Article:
Go to any business conference or networking event around the world today and you’re bound to hear someone talking about how important it is for organisations to be flexible and open to change. Recognising that need and actually implementing change within an organisation are, of course, two very different things.
Knowing that, how do you go about ensuring change isn’t just an ideal, but something that actually happens?
The answer lies in making that change as simple as possible.
Running at the wall
Think about it like this: if your organisation is currently on one side of a wall and the company you want to be is on the other, how would you go about getting to the other side?
Everyone could run at the wall until it crumbles, but that’s unlikely to happen and a lot of people could end up getting hurt along the way.
A far better option would be to find a ladder that’ll allow you to climb over the wall, or digging implements that’ll allow you to dig under.
Here are some practical examples of what that might look like.
Designing for collaboration
Let’s say, for instance, that the change you want to foster is increasing the levels of collaboration in your organisation.
A good place to start is by looking at the design and layout of your workspace. How many opportunities are there for people to spontaneously bump into each other? Are there neutral meeting areas that don’t require booking and are easy to get to?
While you might not be able to build a giant atrium with a single set of bathrooms leading off it like Steve Jobs did at Pixar, there are a few, much simpler, things you can do.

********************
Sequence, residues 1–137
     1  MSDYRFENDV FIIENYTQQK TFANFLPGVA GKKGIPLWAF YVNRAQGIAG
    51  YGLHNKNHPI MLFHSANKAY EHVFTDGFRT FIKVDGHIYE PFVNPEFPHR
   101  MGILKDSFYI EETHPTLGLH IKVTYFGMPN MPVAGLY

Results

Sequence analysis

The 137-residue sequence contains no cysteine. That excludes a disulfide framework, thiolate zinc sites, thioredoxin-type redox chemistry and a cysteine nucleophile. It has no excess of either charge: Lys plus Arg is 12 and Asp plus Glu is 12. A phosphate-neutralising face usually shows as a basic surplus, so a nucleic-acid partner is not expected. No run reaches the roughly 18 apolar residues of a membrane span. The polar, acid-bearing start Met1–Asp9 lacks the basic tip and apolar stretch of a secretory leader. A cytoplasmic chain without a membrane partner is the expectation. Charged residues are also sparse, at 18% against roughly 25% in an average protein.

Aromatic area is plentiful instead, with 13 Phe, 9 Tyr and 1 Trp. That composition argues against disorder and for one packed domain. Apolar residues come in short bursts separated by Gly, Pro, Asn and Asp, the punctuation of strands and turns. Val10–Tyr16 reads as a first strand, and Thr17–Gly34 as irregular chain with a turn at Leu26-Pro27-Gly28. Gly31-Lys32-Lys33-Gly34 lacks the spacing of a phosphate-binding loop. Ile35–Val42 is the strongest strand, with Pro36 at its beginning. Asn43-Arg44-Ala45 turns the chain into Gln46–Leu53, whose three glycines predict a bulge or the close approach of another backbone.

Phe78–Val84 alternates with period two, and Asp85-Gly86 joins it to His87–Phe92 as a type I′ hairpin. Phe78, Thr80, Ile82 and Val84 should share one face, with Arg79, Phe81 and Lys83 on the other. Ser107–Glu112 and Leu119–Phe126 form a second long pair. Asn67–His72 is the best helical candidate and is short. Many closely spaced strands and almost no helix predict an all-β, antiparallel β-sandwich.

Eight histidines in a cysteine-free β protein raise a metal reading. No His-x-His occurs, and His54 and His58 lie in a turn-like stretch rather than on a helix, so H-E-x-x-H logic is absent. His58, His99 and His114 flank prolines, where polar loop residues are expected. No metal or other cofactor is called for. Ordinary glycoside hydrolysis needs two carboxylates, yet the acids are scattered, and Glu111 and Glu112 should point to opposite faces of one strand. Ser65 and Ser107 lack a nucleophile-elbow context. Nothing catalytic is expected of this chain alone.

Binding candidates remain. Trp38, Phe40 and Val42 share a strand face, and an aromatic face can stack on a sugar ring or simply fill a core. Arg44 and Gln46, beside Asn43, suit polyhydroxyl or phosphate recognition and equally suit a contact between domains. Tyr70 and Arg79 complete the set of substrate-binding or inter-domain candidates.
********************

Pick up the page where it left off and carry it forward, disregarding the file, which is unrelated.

Some companies, such as Skullcandy have desks on wheels, which can easily be moved and reconfigured for collaboration.
Others have lounge-style spaces where people can work together on projects without having to go through the formal process of booking a conference room.
Making newcomers feel welcome
Another aspect of change management that companies struggle with, especially as they grow larger, is making newcomers feel welcome.
Even when there’s a great overall culture, people who haven’t been in the organisation from the start can be left feeling isolated and left out.
This may have nothing to do with existing employees doing anything wrong and can simply be down to them not knowing who the new starter is.
There are a couple of ways to get around this. Online art and design company 1stdibs, for example, give all new hires a balloon that says “1st Day at 1stdibs.” The balloon floats above their desk all day, making it easier for people to spot newcomers and introduce themselves.
Making bad behaviours difficult
But what if you want to discourage bad behaviour instead of trying to promote good behaviour?
In some cases, you can employ a tech-based solution. German auto giant Volkswagen, for instance, programmed its email server to stop delivering messages 30 minutes after work and begin sending again 30 minutes before the start of the new work day. That way, the option of fretting about emails at night simply isn’t there.
There are more low-tech solutions to high-tech problems though. As this HBR article points out, when website building company Squarespace wanted to stop its employees multitasking during meetings, it didn’t ban them bringing in their phones. Instead, it left a box of small toys in each conference room, giving people something to fidget with during the meeting. Attention rates improved dramatically.
Keep it simple
The underlying message behind each of these examples is that you should keep things as simple as possible. Do it that way and you’re much more likely to achieve success than if you implement draconian rules or force change on your employees.
If you’d like help with implementing change in your organisation, contact us here.